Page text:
I've actually gotten very little backlash from women. I think most women understand the way men interact with children, babies, and families could stand to be improved. That if more men had access to the process of birth, more men would be more involved.

I've tried to approach it with respect. If I'm going to a prenatal yoga class, I will reach out to the instructor first. I've done the same with the birthing class. I reached out to the instructor and said: "Is it OK if I come?" There are gonna be times when women just want to be with women. I have not had anyone say yet, "No, you're not welcome." I've only had people say, "We'd love to have you. We want to expand our inclusion." It's mostly men who have been freaked out.

Tell me about that.
It really does seem like people may be willing to hesitantly accept a transgender person as long as we never acknowledge or admit that we are a little different from them. So me saying, "Yes, I am a man," and, "Yes, I'm going to have a baby," there's something about that that's really hard for folks. I don't want to be like a biological man. I think I'm in a unique situation that I think is valuable, and I don't wish to give that up. I really thought that maybe we as a culture were ready to expand our idea of who transgender people are. The message has been the thing that makes us transgender is we hate our bodies, and we want to do everything to change them. That's the experience of a lot of transgender people; it's not mine. For some of us, we think it's OK to embrace and accept the unique path we have.

How do you deal with online trolls?
My partner told me early on if we tell our story, things could get really dangerous for us. And I don't think I really believed him until things did get really dangerous. The scariest things for me have been: people sending us direct messages saying how gross and disgusting we are, and people saying that they hope the baby I give birth to is dead because it would be better for us to have a dead baby, than a baby that has to live in our family. And that's on top of the normal, "This isn't a man. This is a bearded lady. This is a circus freak." Then there's a neo-Nazi, alt-right group in the Pacific Northwest that's picked up our story. So having neo-Nazi white supremacist groups pick up our story has meant that we installed new locks on our doors, and we've been really careful about when we go out in public, when we pick up our kids, and not having our address up anywhere.

What has the response been from within the trans community?
I expected a lot of backlash from the trans community, and from the LGBT community. I thought other trans men, in particular, would say, "Stop confusing people, you're making this harder for us, we want people to accept us as men." Instead, it has been the complete and utter opposite. I've heard from so many other LGBT and trans people saying, "Thank you for leading this conversation. Thank you for expanding what it means to be trans and for expanding what it means to be a man."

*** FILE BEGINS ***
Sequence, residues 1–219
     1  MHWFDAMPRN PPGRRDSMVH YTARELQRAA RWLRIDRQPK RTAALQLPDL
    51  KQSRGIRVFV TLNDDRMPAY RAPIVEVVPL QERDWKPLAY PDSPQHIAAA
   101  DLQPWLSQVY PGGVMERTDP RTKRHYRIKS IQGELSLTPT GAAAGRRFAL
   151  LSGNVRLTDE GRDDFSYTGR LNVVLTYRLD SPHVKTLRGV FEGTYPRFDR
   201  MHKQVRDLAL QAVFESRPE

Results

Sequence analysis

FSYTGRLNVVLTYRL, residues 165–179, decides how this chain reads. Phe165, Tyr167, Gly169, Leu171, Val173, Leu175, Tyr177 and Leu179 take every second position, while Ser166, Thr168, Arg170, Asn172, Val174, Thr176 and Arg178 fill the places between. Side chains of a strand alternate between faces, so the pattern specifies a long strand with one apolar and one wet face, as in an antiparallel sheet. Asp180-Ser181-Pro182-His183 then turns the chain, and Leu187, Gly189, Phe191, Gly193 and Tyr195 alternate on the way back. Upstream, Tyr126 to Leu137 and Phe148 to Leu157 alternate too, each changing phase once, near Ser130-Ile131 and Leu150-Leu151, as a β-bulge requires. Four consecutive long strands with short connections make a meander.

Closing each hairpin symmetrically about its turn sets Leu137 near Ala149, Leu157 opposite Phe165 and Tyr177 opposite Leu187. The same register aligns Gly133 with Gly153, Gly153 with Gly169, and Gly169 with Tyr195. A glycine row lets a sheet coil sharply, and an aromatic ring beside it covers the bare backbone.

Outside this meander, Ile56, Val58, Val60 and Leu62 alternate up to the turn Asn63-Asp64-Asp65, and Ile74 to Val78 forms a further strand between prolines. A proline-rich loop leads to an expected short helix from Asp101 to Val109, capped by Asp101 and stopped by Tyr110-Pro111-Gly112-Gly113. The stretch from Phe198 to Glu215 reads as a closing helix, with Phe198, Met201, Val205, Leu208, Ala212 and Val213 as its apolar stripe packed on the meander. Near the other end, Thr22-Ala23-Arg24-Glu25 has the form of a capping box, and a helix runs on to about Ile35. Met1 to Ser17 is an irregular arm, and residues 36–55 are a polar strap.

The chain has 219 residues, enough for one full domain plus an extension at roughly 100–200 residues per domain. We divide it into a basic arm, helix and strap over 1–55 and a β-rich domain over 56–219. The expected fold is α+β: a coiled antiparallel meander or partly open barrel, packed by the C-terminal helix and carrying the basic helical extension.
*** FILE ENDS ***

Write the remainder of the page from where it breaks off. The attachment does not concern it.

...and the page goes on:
How do you feel about the state of trans rights in the US right now?
We're in straight-up defense mode right now. We were doing really well for several years in terms of being able to pass proactive legislation that didn't just protect us from attacks and discrimination but started to enshrine some really basic protections, like transgender youth being able to use their bathroom of choice in their schools. But now as the pendulum has swung to the right in the US, anything that had happened at the federal level, which amazing and smart leaders had been pushing and moving forward, a lot of those got repealed by the Trump administration. So now we're really just in defense mode and trying to remind people that we're not any different than we were one year ago, even if the political climate has changed a little bit. It has meant there's been an uptick in anti-trans hate crimes. As in Canada, trans women of color continue to be subjected to ever increasing attacks of violence.

I forgot to ask you: How has the pregnancy been going?
I know this is not cool to say, but it's been really amazing. It's been really easy medically; there have been no complications at all. The process of growing a new life is really amazing. I know it's how we all got here, so it's not actually that miraculous; it's just science. But it's been really, really exciting.

How are the kids reacting?
Pretty normally. There are moments of excitement about having a baby brother and moments of jealousy about the attention and excitement. I think they feel anxious about possibly having to share their toys with him. They're six and nine, so that's what they're capable of right now.

This interview has been edited and condensed for clarity.

Follow Manisha Krishnan on Twitter.